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Immunogenicity of third dose COVID-19 vaccine strategies in patients who are immunocompromised with suboptimal immunity following two doses (OCTAVE-DUO): an open-label, multicentre, randomised, controlled, phase 3 trial.

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posted on 2024-05-23, 09:38 authored by Carl S Goodyear, Amit Patel, Eleanor Barnes, Michelle Willicombe, Stefan Siebert, Thushan I de Silva, John A Snowden, Sean H Lim, Sarah J Bowden, Lucinda Billingham, Alex Richter, Miles Carroll, Edward J Carr, Rupert Beale, Daniel Rea, Helen Parry, Sarah Pirrie, Zixiang Lim, Jack Satsangi, Susanna J Dunachie, Gordon Cook, Paul Miller, Neil Basu, Ashley Gilmour, Anne-Marie Hodgkins, Lili Evans, Ana Hughes, Stephanie Longet, Georgina Meacham, Kwee L Yong, Matthew J A'Hearne, Mickey BC Koh, Siobhan O Burns, Kim Orchard, Caron Paterson, Graham McIlroy, Sam M Murray, Tina Thomson, Stavros Dimitriadis, Lyndsey Goulston, Samantha Miller, Victoria Keillor, Maria Prendecki, David Thomas, Amanda Kirkham, Iain B McInnes, Pamela Kearns, OCTAVE-DUO investigators
BACKGROUND: The humoral and T-cell responses to booster COVID-19 vaccine types in multidisease immunocompromised individuals who do not generate adequate antibody responses to two COVID-19 vaccine doses, is not fully understood. The OCTAVE DUO trial aimed to determine the value of third vaccinations in a wide range of patients with primary and secondary immunodeficiencies. METHODS: OCTAVE-DUO was a prospective, open-label, multicentre, randomised, controlled, phase 3 trial investigating humoral and T-cell responses in patients who are immunocompromised following a third vaccine dose with BNT162b2 or mRNA-1273, and of NVX-CoV2373 for those with lymphoid malignancies. We recruited patients who were immunocompromised from 11 UK hospitals, aged at least 18 years, with previous sub-optimal responses to two doses of SARS-CoV-2 vaccine. Participants were randomly assigned 1:1 (1:1:1 for those with lymphoid malignancies), stratified by disease, previous vaccination type, and anti-spike antibody response following two doses. Individuals with lived experience of immune susceptibility were involved in the study design and implementation. The primary outcome was vaccine-specific immunity defined by anti-SARS-CoV-2 spike antibodies (Roche Diagnostics UK and Ireland, Burgess Hill, UK) and T-cell responses (Oxford Immunotec, Abingdon, UK) before and 21 days after the third vaccine dose analysed by a modified intention-to-treat analysis. The trial is registered with the ISRCTN registry, ISRCTN 15354495, and the EU Clinical Trials Register, EudraCT 2021-003632-87, and is complete. FINDINGS: Between Aug 4, 2021 and Mar 31, 2022, 804 participants across nine disease cohorts were randomly assigned to receive BNT162b2 (n=377), mRNA-1273 (n=374), or NVX-CoV2373 (n=53). 356 (45%) of 789 participants were women, 433 (55%) were men, and 659 (85%) of 775 were White. Anti-SARS-CoV-2 spike antibodies measured 21 days after the third vaccine dose were significantly higher than baseline pre-third dose titres in the modified intention-to-treat analysis (median 1384 arbitrary units [AU]/mL [IQR 4·3-7990·0] compared with median 11·5 AU/mL [0·4-63·1]; p<0·001). Of participants who were baseline low responders, 380 (90%) of 423 increased their antibody concentrations to more than 400 AU/mL. Conversely, 166 (54%) of 308 baseline non-responders had no response after the third dose. Detectable T-cell responses following the third vaccine dose were seen in 494 (80%) of 616 participants. There were 24 serious adverse events (BNT612b2 eight [33%] of 24, mRNA-1273 12 [50%], NVX-CoV2373 four [17%]), two (8%) of which were categorised as vaccine-related. There were seven deaths (1%) during the trial, none of which were vaccine-related. INTERPRETATION: A third vaccine dose improved the serological and T-cell response in the majority of patients who are immunocompromised. Individuals with chronic renal disease, lymphoid malignancy, on B-cell targeted therapies, or with no serological response after two vaccine doses are at higher risk of poor response to a third vaccine dose. FUNDING: Medical Research Council, Blood Cancer UK.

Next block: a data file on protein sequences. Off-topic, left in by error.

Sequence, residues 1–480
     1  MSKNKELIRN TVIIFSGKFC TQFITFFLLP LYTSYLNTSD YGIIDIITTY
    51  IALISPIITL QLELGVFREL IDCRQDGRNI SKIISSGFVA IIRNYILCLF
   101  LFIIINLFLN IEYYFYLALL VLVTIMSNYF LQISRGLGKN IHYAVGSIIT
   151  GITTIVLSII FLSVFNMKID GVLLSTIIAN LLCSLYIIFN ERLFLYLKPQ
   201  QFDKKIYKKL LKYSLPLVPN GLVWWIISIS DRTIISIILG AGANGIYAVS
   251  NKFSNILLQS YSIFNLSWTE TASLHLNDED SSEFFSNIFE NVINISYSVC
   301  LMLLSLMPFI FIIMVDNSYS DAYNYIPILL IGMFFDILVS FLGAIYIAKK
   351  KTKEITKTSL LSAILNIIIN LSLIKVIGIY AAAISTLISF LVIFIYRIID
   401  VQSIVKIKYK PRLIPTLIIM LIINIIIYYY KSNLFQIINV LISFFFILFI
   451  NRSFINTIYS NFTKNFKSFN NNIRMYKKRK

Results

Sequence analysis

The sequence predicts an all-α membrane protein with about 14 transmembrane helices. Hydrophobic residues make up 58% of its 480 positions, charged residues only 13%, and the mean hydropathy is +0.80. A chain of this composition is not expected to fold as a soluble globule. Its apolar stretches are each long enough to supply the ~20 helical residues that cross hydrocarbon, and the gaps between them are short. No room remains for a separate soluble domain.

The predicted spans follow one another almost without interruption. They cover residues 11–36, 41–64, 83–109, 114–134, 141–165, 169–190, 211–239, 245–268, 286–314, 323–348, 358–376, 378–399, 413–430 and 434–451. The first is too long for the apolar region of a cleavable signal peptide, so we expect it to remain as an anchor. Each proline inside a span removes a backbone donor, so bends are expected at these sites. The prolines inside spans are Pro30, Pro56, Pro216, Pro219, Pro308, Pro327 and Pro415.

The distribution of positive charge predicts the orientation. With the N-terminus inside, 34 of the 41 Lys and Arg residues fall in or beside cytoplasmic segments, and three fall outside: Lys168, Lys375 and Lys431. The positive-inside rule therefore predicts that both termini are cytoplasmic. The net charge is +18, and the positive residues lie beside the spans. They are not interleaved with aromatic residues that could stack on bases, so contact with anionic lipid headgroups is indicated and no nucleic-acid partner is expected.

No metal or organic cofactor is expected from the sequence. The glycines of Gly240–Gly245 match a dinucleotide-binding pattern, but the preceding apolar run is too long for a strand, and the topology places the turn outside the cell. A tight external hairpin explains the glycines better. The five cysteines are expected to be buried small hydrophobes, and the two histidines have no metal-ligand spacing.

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Crick (Grant ID: CC2087, Grant title: Beale CC2087)

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